Still, great nations are supposed to have great political leaders too, right? And yet today in America we hear very little talk of greatness in our politics. Instead, the focus is on the leadership deficit, on America the ungovernable, and on the sorry state of its dysfunctional politics. One 2013 poll revealed that the public’s view of Congress was significantly less positive than its view of root canal operations, NFL replacement refs, colonoscopies, France, and even cockroaches.
It should come as no surprise that the concern about the leadership deficit in our political class also extends to the presidency itself, an institution that has become, both for better and worse, the central element in our political system.
Yet the centrality of the presidency must be reconciled with the limitations of the office and the constraints that bind it. The presidency has always been an implausible, some might even say an impossible, job. But the following mix of challenges and constraints — some old, some new — has made the post-World War II presidency harder still: constitutional and practical constraints on the office itself; the president’s expanding reach and responsibilities; the expanding role of a government we trust less, even when we demand more from it; America’s global role; and an intrusive, omnipresent, and nonstop media.
These challenges have created the ultimate presidential bind. On one hand, we have become presidency-dependent in a president-centric system; on the other hand, our expectations have risen while the president’s capacity to deliver has diminished.
In essence, we are lost in a kind of presidential Bermuda Triangle, adrift between the presidents we still want and the ones we can no longer have.
That bind is the subject of my new book, The End of Greatness: Why America Can’t Have (and Doesn’t Want) Another Great President. And three elements define and drive the core argument:
First, greatness in the presidency may be rare, but it is both real and measurable.
Three undeniably great presidents straddle the American story: Washington, the proverbial father of his country; Lincoln, who kept it whole through the Civil War; and Franklin Roosevelt, who shepherded the nation through its worst economic calamity and won its greatest war. Their very deeds define the meaning of greatness in American political life. So let me be clear about my definition of that greatness: Each of the undeniably great presidents overcame a truly nation-wrenching challenge or crisis; each used his crisis moment to fundamentally alter the way we see ourselves as a nation and the way we govern ourselves too, and in doing so changed the nation forever for the better; and each in the process transcended narrow partisanship and in time came to be seen even by critics as an extraordinary national leader.
In addition to these three undeniable greats, perhaps five others whom historians and the public judge favorably too — their own legacies secured through great accomplishments at critical moments in the nation’s story — round out the group of top performers. The operative point is that this greatness club has created a frame of reference, a high bar really — and a problematic one, at that — against which we have come to judge and evaluate our modern presidents and they have come to judge themselves. In the book’s early sections, I look at what defines greatness in the presidency and look at who gets admitted into this elite presidential club and why.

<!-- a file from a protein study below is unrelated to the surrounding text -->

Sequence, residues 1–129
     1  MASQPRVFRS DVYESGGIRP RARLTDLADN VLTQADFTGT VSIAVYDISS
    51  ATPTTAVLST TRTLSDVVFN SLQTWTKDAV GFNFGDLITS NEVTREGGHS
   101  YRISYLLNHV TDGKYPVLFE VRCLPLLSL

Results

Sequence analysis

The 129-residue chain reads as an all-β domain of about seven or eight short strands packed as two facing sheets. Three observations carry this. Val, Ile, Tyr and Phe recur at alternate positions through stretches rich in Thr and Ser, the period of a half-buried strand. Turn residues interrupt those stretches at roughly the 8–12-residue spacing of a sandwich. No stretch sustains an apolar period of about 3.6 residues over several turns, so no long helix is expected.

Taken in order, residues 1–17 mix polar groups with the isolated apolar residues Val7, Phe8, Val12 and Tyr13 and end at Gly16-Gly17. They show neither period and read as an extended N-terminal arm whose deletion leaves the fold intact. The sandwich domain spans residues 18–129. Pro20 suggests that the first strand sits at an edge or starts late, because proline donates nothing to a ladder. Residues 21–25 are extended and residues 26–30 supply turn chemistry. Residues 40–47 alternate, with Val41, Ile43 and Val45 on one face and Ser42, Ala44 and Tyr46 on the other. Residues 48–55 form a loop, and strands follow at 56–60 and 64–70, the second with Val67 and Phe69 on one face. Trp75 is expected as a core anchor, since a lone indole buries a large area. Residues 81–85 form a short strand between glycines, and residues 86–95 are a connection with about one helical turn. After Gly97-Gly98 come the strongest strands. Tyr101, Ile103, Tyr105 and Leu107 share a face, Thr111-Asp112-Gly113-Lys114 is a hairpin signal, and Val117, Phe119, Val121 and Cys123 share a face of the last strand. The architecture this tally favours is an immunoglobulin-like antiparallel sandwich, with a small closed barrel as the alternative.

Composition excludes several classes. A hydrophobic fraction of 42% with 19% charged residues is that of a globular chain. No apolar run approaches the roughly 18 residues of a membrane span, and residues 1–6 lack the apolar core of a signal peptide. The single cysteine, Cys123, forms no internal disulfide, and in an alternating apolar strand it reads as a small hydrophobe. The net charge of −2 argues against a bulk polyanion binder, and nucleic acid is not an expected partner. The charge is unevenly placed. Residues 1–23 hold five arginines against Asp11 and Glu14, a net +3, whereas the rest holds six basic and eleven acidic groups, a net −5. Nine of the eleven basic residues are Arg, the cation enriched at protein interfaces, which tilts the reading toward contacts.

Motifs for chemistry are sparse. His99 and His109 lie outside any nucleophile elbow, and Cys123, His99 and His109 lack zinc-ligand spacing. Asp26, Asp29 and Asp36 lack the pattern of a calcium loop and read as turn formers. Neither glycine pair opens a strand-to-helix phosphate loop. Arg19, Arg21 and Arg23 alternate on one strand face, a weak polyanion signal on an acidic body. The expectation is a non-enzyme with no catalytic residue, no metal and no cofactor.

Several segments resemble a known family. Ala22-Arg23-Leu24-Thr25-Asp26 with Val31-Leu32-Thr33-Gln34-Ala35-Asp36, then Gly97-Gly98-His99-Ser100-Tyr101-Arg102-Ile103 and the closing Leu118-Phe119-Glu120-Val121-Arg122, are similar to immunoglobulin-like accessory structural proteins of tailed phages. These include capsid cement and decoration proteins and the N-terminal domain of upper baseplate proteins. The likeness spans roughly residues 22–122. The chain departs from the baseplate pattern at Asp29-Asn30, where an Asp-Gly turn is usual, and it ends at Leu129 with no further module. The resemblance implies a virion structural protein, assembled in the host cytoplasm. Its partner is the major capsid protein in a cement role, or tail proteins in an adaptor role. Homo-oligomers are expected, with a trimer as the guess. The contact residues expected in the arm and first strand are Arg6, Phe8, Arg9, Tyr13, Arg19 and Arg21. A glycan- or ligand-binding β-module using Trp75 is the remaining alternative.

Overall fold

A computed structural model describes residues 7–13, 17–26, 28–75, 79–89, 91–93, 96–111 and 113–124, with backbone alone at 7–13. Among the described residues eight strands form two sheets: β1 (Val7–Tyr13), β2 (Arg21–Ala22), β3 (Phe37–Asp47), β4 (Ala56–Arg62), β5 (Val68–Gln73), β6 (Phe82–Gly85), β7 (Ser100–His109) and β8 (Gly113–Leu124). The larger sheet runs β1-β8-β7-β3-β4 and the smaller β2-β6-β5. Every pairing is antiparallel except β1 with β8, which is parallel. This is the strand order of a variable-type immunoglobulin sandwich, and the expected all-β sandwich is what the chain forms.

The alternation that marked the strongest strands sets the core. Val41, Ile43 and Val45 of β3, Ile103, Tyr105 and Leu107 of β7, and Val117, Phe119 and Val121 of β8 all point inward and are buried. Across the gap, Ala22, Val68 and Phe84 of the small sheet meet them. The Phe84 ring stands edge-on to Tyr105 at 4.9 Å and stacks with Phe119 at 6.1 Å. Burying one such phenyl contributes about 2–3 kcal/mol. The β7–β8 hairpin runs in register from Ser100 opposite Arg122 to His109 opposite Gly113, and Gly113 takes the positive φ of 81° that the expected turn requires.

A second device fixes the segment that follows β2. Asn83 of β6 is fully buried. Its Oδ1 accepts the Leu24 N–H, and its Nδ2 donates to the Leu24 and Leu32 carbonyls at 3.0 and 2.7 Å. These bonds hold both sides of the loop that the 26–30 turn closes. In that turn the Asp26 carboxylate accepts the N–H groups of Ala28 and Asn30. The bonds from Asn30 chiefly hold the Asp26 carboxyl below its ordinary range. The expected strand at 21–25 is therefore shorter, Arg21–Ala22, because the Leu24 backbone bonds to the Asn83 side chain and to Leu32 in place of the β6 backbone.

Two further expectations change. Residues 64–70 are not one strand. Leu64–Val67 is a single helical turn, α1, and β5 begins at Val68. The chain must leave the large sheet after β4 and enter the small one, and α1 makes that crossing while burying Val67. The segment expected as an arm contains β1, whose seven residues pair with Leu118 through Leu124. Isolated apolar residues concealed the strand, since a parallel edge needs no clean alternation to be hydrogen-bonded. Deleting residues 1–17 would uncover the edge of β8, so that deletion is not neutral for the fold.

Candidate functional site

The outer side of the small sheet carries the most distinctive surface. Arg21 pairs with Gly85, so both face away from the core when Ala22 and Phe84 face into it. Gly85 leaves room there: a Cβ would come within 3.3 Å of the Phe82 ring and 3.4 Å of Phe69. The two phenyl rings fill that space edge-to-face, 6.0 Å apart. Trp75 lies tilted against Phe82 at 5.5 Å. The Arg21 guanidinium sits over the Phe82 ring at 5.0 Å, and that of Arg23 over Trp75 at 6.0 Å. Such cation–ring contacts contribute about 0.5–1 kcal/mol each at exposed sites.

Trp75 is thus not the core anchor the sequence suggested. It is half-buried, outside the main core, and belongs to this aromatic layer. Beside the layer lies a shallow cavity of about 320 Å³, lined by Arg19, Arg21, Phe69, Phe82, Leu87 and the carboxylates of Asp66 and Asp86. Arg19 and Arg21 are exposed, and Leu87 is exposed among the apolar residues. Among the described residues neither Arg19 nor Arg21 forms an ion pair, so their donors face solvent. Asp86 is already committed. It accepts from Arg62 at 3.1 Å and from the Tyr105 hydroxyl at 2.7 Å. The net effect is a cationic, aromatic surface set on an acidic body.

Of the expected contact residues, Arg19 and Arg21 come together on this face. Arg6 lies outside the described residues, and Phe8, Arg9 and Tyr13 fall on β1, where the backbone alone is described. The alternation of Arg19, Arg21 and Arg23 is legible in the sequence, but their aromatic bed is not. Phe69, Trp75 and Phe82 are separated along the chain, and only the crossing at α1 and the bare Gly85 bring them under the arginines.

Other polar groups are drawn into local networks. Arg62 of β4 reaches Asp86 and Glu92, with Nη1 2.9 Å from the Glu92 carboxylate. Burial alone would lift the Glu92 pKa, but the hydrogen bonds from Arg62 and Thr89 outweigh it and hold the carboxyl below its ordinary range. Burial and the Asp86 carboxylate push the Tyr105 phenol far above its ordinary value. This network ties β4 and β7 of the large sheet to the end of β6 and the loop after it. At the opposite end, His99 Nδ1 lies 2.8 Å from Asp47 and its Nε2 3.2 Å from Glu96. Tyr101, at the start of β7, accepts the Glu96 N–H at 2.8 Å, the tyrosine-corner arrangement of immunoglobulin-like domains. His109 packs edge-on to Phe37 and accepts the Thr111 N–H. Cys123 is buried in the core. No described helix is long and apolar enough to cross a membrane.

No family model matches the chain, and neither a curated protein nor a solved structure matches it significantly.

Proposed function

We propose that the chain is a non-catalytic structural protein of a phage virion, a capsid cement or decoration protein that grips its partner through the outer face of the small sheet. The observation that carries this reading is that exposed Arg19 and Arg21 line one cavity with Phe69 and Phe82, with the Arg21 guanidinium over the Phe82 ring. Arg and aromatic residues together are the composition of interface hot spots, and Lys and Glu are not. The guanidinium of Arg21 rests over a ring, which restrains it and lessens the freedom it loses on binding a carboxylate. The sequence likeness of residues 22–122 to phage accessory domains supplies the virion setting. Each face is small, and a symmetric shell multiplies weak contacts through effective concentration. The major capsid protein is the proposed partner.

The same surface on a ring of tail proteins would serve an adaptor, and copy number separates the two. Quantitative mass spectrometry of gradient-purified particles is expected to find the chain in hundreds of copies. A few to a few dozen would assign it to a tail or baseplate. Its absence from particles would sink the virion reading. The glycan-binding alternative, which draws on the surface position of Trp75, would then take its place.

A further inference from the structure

Second, historic greatness in the presidency has gone the way of the dodo.
And it is unlikely to return any time soon. The presidents we judge to be great are very much with us still — everywhere, really. They are on our money and monuments, stars of our HBO specials and Hollywood movies, and subjects of best-selling presidential biographies. They are everywhere, that is, except in the White House.
As we will see, what I describe as "traces of greatness," both real and perceived, have appeared in several of our more contemporary presidents. But those "traces" are not to be confused with the performance of the three undeniables or the handful of other top performers we hold in high esteem. The greatness I described earlier belongs to an America of a different time and place, to a different country really. In the second part of the book, I explain why the history of the post-FDR presidency has been such a challenging tale, and why the times and circumstances have narrowed the prospects, the need, and the opportunity for sustained heroic action in the presidency.
Third, and there really is no other way to say this: We need to get over the greatness thing and stop pining for the return of leaders we can no longer have.
Like the ghosts in Charles Dickens’s A Christmas Carol, great presidents continue to hover, to teach, and to inspire. And we have much to learn from their successes and failures. But there is a risk in thinking, let alone succumbing to the illusion, that we will see their likes again, even in an altered contemporary guise. The world and country have changed and so have we. And besides, we should not want to see them again. Greatness in the presidency is too rare to be relevant in our modern times and — driven as it is in our political system by big crisis — too risky and dangerous to be desirable. Our continued search for idealized presidents raises our expectations and theirs, skews presidential performance, and leads to an impossible standard that can only frustrate and disappoint. To sum up: We can no longer have a truly great president, we seldom need one, and, as irrational as it sounds, we may not want one, either. And the final chapters of the book contemplate why.
So what do we do about our seemingly insatiable presidential addiction?
Americans will always aspire to more. And we can no more give up on our presidents than we can on ourselves.
Maybe our story, a journey really through a period of presidential greatness once revealed and now gone, will offer up some answers. And perhaps at journey’s end we can even begin to discover a way to narrow the gap between the presidents we want and the ones we can realistically have.
This piece was adapted from Aaron David Miller’s recent book, The End of Greatness: Why America Can’t Have (and Doesn’t Want) Another Great President.